Black Jewish Activist Implores All Jews to Show Up
Racial justice champion April Aviva Baskin wants her fellow Jews to emulate Rabbi Abraham Joshua Heschel and take active, concrete steps to rectify some of the wrongs that have been done to people of color in America, including Jews of color. Heschel, whom Baskin cites as one of her lodestars, sent a telegram to President John F. Kennedy in June 1963, the day before the president was to meet with religious leaders.
“The Negro problem [is] like the weather. Everybody talks about it but nobody does anything about it,” Heschel wrote. “We forfeit the right to worship God as long as we continue to humiliate Negroes. Church and synagogue have failed.” He urged the president to ask “religious leaders to call for national repentance and personal sacrifice. Let religious leaders donate one month’s salary to Negro housing and education…. Mr. President, propose a state of moral emergency…. The hour calls for moral grandeur and spiritual audacity.”
The mainstream American Jewish community must feel the same sense of urgent imperative about racial discrimination, said Baskin, the racial justice director at the Jewish Social Justice Roundtable, an umbrella group of 64 organizations.
She developed the roundtable’s Racial Justice Framework with 10 principles connected to the middot, or values, laid out in Pirkei Avot, Baskin explained from Dakar, Senegal, where she has lived for the past year. They include approaching racial justice issues from a “both/and” (elu v’elu) perspective, that “multiple priorities and seemingly conflicting truths can exist simultaneously,” and from a commitment that “we all belong and are valuable leaders in this work” (from hishtarshut, or rootedness).
Baskin, 36, grew up in Sacramento with an Ashkenazi Jewish mother and an African American and Native American father, who became a Jew by choice. Through the roundtable and through her coaching and consulting practice, Joyous Justice, she is focused on helping Jewish organizations approach racial issues and become more inclusive of Jews of color. Since George Floyd’s killing by police in May, Baskin has been deluged with requests from Jewish groups wanting her immediate help with responding to the current moment and implementing internal change. Floyd’s death has spurred what appears to be a national awakening, with many Jews among those demanding police reform and the end to systemic racism.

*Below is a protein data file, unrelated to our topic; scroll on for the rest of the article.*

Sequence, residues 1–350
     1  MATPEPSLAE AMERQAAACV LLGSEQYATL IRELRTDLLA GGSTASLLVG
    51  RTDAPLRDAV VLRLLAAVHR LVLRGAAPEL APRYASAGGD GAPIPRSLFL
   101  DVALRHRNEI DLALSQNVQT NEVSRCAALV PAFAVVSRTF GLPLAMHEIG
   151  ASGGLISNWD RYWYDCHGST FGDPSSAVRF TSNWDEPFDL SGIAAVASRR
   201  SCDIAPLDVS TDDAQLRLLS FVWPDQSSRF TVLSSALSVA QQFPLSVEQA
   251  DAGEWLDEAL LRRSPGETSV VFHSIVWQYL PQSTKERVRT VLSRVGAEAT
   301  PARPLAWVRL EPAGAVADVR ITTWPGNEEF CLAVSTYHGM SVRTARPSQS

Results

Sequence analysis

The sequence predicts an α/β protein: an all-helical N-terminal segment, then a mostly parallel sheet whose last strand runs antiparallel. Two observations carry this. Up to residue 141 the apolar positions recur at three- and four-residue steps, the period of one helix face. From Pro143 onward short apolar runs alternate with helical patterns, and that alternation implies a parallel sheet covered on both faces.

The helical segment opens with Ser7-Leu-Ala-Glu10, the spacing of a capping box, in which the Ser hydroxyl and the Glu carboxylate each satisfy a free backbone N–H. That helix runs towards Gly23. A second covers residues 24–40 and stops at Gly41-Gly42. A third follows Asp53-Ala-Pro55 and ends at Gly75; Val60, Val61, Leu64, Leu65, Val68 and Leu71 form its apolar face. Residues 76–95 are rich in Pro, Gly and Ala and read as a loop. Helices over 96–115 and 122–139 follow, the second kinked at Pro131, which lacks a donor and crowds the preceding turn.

“This is an active new moment where many people are deeply engaging and showing up powerfully, and elements of the Jewish community are speaking up” in ways they have not before, noted Baskin. “Seeing people who have never reached out to me before is thrilling.” But she also wonders if their interest will continue. Though she is currently living in Dakar, Baskin said she is in constant contact with friends and clients involved in the racial justice protests and has been watching them livestreamed. She also wrote a protest prayer. “I am 100 percent there in spirit,” she said.
White Jews need to work on two issues, she said. One is seeing Jews of color as part of the Jewish people without condition. “Not as a separate phenomenon, not an anomaly, but that we begin to see ourselves collectively as a multiracial Jewish people,” Baskin said, adding that sermons and educational materials for Hebrew and day schools should reflect that reality. Within Jewish spaces, she said, “get into the habit of practicing saying, ‘Black lives matter.’ On your social media, in gatherings or in conversations where racism comes up, build up the courage to be able to say that black lives matter, with no exceptions or buts.”
Jews and Jewish groups also need to make a serious, long-term commitment to making concrete changes that will help correct systemic wrongs done to people of color in the United States. She cited leadership development as one example. “Segregation in broader American society impacted the Jewish community,” she said, and as a result, “Jews of color have been systematically and chronically left behind. It’s important, for those who have the means, to support a leadership pipeline to begin to diversify Jewish leadership and Jewish voices.”
“As someone on the inside of this conversation, I need my fellow Jews to show up,” Baskin added. “In honor of Jews across history who have been doing this work, in honor of Heschel, I implore you to attach some of that urgency and commitment to something that is going to live beyond this moment.”
Debra Nussbaum Cohen is a journalist and essayist as well as Jewish Insider’s philanthropy correspondent. She lives in New York City.